• If you don’t already have a drip irrigation system for your trees, shrubs, flower beds or vegetables, consider installing one. These systems can be automated with a timer to ensure adequate watering occurs and help prevent over watering.

• Direct your gutter downspouts to the landscaped portions of your yard, not a paved surface. Use what little rainwater we may get to water the plants in your landscape.

• Avoid watering your yard in the heat of the day, between 10 a.m. and 7 p.m. and during windy conditions. Water your yard early in the morning or later in the evening. Water your lawn less often but deeply to encourage deep root growth. Sometimes, evening lawn watering can promote diseases that prefer high humidity. If you’ve had problems in the past, limit your lawn watering to early morning.

• Mow your lawn at the highest setting on your mower, ideally 3 inches or higher. Mowing high encourages deep root growth, which will help your grass tolerate heat and drought. Deep roots will enable your lawn to take up water from deeper in the soil. Mowing high also helps shade out weeds and reduces water losses from evaporation.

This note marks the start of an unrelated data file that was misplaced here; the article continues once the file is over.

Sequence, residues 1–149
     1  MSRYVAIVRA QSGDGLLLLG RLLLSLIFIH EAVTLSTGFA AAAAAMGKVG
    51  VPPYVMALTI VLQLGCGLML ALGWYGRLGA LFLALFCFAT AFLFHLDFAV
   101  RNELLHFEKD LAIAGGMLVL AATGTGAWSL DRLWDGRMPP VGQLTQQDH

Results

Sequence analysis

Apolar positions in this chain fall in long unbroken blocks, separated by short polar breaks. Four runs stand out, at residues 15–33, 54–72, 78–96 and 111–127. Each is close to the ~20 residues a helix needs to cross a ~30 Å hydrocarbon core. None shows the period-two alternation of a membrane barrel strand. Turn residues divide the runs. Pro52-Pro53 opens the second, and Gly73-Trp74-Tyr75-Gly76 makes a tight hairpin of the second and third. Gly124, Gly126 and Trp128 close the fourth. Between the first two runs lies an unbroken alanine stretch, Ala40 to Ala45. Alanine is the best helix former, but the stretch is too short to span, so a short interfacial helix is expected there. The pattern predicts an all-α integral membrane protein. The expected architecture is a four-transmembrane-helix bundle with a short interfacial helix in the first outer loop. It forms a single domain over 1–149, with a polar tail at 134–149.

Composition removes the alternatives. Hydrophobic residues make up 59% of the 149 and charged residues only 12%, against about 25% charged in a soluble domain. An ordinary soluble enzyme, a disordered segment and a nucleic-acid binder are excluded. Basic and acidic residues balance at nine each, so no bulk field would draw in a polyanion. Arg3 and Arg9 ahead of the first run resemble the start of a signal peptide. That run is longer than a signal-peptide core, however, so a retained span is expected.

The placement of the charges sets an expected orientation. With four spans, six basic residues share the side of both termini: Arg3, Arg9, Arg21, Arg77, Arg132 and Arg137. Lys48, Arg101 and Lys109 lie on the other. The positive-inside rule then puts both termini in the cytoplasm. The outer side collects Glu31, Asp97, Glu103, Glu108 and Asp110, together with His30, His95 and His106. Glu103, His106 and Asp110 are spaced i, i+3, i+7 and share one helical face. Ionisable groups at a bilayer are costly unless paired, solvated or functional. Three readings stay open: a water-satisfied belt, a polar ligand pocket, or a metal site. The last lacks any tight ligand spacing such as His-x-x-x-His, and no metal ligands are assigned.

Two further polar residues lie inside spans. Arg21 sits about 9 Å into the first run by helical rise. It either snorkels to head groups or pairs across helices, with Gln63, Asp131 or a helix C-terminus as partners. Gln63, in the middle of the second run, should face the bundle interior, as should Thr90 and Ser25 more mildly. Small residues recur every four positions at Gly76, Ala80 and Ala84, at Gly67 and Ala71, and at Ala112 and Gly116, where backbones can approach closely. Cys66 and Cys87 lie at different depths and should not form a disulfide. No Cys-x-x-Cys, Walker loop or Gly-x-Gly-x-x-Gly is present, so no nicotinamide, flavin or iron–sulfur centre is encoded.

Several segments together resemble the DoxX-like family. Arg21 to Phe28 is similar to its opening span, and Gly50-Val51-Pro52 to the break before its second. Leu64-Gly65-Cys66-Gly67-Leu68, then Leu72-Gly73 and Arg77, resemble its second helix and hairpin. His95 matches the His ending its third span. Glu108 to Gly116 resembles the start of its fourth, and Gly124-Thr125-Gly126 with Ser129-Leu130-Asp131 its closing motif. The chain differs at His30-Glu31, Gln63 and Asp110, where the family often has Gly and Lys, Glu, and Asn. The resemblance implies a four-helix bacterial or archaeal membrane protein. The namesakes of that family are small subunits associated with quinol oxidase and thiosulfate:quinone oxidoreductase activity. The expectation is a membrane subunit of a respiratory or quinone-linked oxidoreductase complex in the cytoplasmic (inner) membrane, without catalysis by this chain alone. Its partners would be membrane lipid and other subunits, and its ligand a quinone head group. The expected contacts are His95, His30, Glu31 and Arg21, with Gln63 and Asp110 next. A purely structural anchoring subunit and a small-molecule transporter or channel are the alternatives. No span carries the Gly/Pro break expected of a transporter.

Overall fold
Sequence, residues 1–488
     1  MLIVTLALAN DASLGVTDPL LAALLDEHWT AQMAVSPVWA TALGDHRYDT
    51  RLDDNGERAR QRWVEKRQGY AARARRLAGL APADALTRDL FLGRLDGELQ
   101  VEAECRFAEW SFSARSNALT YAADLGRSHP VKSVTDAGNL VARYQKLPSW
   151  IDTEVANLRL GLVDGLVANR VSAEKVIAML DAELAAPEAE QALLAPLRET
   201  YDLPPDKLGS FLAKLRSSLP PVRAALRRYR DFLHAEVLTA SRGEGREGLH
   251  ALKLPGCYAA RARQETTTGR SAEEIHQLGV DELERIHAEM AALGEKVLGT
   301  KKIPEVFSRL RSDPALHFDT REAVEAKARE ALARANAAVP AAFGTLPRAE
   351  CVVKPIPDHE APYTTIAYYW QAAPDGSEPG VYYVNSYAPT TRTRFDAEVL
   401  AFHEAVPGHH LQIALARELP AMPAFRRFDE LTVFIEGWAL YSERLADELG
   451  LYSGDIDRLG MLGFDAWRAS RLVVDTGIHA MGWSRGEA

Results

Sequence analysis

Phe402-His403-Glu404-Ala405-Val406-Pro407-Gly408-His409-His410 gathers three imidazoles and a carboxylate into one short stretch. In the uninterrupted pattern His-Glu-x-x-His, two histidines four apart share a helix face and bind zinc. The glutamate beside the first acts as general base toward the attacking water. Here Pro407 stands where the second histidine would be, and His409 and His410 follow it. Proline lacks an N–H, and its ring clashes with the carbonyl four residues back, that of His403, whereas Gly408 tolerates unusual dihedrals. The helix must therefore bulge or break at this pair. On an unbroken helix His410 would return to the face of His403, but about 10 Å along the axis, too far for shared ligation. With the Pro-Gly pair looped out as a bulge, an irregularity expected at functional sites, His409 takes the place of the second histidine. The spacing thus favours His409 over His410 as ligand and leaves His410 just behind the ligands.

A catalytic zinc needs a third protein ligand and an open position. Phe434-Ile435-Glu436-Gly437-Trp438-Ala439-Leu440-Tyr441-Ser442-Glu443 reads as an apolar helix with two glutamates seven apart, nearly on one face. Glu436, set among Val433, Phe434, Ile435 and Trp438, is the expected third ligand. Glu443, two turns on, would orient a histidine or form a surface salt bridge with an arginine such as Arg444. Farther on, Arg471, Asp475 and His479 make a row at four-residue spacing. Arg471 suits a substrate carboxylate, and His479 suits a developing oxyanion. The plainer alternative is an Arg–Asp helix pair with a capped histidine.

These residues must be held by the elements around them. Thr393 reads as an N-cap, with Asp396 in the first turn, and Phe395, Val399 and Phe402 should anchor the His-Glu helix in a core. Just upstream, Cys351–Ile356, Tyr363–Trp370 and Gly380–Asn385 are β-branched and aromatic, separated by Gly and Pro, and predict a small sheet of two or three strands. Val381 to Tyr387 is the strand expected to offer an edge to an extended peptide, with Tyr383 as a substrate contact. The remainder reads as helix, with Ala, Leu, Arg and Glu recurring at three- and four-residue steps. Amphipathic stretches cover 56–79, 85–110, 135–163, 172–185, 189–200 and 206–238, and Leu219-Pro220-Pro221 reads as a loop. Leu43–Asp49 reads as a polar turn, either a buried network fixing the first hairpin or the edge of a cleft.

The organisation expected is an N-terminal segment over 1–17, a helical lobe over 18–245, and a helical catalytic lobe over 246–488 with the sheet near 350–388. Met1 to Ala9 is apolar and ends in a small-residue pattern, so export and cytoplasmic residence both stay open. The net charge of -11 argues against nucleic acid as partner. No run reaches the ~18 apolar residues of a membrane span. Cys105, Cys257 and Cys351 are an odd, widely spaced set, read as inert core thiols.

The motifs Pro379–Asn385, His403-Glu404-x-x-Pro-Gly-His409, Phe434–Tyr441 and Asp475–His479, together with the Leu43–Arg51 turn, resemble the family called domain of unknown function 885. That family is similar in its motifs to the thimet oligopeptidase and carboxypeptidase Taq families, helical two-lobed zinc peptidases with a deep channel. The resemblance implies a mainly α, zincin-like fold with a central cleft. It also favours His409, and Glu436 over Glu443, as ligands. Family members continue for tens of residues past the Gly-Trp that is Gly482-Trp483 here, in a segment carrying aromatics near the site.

• Some people allow their lawns to go dormant in the heat. Lawns can survive on very little water, but when they go dormant, they turn straw colored or light brown. Some neighbors, homeowners associations and other entities don’t like to see brown lawns. But if it comes to making hard choices in your landscape, the trees and shrubs you have growing are a bigger investment than the lawn, so concentrate on watering them.

• Mulch can help reduce water losses from the soil and also reduce weeds. Apply mulch 2 inches to 4 inches thick around plants. Be careful not to pile up mulch around the stems of plants or trunks of trees and shrubs, as this can promote some insect pests and plant diseases.

• If you are designing a new landscape in your yard, this is not our first drought year and it won’t be our last. Your best bet is to design with drought in mind. Limit the turf areas. Group plants by their water needs and consider low-water use plants. Water deeply and less frequently. Install an automated irrigation system. Inspect and maintain your irrigation system regularly.

Author: Melody Hefner is the Urban IPM and Pesticide Safety program assistant for the University of Nevada Cooperative Extension. Have a gardening question? Ask a Master Gardener at mastergardeners@unce.unr.edu.
http://www.rgj.com/story/life/2014/07/18/hefner-water-conservation-tips-lawn-garden/12855121/
Picture Credit to UNCE